The issue is that there is a POV dispute which we have not resolved. Marxism-Leninism has been the ideology of the pro-Stalin communist parties. In the opinion of some, it diverges from Marx and Lenin. In the opinion of others, it does not. All we can do it say that it's the ideology of the pro-Stalin parties, but we can't get consensus on the elements, such as socialism in one country, on which it diverges from Classical Marxism. --Duncan (talk) 14:38, 15 June 2009 (UTC)

Leninism should be merged into this article[edit]

As this article is about Marxism-Leninism and the role of Lenin in it, I believe that the article Leninism should be merged into this article. It seems redundant to have two articles on the same topic of Lenin's influence on communist ideology.--R-41 (talk) 17:51, 9 February 2009 (UTC)

Oppose Unlike the Leninism article, this article is not about "Lenin's influence on communist ideology," it is about the term used by the stream of Soviet-led communism from Stalin onwards. Both Stalin and Trotsky, and their followers, described themselves as Leninist, yet had very different interpretations of Leninism. --81.77.24.251 (talk) 23:34, 10 February 2009 (UTC)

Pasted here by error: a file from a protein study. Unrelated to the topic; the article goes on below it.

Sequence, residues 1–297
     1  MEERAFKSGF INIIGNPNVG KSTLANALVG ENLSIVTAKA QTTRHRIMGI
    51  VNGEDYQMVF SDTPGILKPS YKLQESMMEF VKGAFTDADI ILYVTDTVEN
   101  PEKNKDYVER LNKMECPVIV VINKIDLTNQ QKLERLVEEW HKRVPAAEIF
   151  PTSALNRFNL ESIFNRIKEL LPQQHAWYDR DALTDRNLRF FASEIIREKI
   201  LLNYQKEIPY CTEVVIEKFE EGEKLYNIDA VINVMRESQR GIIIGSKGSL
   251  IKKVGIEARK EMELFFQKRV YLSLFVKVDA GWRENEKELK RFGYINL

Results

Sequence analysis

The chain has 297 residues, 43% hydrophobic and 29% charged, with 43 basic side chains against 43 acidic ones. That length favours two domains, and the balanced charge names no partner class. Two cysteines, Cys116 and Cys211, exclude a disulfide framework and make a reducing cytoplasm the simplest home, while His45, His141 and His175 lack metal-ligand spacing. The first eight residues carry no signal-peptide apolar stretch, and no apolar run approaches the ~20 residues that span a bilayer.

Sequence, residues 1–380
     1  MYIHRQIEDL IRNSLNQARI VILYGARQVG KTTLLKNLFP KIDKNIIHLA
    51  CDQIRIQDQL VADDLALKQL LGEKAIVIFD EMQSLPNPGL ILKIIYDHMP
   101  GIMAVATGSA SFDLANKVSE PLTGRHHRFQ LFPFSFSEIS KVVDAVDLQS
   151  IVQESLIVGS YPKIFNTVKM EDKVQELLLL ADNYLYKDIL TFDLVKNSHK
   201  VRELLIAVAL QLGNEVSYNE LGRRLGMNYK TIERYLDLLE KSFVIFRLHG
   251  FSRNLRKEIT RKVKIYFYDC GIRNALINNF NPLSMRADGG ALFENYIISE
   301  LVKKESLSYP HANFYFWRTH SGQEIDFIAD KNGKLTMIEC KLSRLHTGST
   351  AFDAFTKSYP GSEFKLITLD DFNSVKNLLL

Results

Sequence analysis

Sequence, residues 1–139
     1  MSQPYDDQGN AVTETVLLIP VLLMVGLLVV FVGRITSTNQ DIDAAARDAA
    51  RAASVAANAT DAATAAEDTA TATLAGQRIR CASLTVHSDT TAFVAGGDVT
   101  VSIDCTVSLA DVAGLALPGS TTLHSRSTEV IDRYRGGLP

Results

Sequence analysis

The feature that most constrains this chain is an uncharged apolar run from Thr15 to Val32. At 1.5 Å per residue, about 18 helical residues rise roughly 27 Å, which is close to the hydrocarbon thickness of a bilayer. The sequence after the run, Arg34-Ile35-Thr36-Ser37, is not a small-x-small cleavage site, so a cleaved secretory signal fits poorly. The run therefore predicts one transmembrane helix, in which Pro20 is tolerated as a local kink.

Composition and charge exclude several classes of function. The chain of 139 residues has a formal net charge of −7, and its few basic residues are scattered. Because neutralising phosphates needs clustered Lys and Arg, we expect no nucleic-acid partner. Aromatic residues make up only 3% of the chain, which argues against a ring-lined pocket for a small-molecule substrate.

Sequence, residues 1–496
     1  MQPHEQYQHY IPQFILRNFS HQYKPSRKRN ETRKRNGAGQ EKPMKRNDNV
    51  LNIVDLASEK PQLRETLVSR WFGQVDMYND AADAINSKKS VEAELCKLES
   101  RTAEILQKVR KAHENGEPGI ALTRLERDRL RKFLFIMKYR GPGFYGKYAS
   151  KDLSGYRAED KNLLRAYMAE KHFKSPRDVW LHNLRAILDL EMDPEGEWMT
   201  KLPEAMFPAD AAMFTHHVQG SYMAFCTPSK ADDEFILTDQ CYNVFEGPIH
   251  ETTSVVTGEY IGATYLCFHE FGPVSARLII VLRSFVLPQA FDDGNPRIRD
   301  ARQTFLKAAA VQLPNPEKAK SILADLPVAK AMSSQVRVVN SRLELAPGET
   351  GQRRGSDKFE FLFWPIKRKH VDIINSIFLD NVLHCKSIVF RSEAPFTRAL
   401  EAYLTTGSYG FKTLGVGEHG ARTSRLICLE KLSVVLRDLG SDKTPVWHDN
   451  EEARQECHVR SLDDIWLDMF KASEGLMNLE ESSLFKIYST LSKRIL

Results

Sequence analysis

Oppose Indeed, just as Marxism is independent of the Marxism-Leninism article.--Gonzalo84 (talk) 14:46, 15 February 2009 (UTC)
Oppose. Marxism-Leninism is post-Lenin, as is Trotskyism. It's not mainly about Lenin's influence, but about the distinctive evolution of direction under Stalin's leadership. --Duncan (talk) 00:41, 16 February 2009 (UTC)
Oppose. You want to merge two different articles about two different topics. --EL-259 (talk) 07:50, 3 March 2009 (UTC)
Oppose Thou shalt stop this tom foolery, and thou shalt kill thine self.--Jesus (talk) 14:46, 3 March 2009 (UTC) —Preceding unsigned comment added by 76.19.48.167 (talk)
Oppose. To merge Lenunism into this article would be very stupid. Long live communism! // Lars Ohly —Preceding unsigned comment added by 213.67.185.43 (talk) 11:28, 16 March 2009 (UTC)
Oppose per DuncanPasswordUsername (talk) 04:13, 27 April 20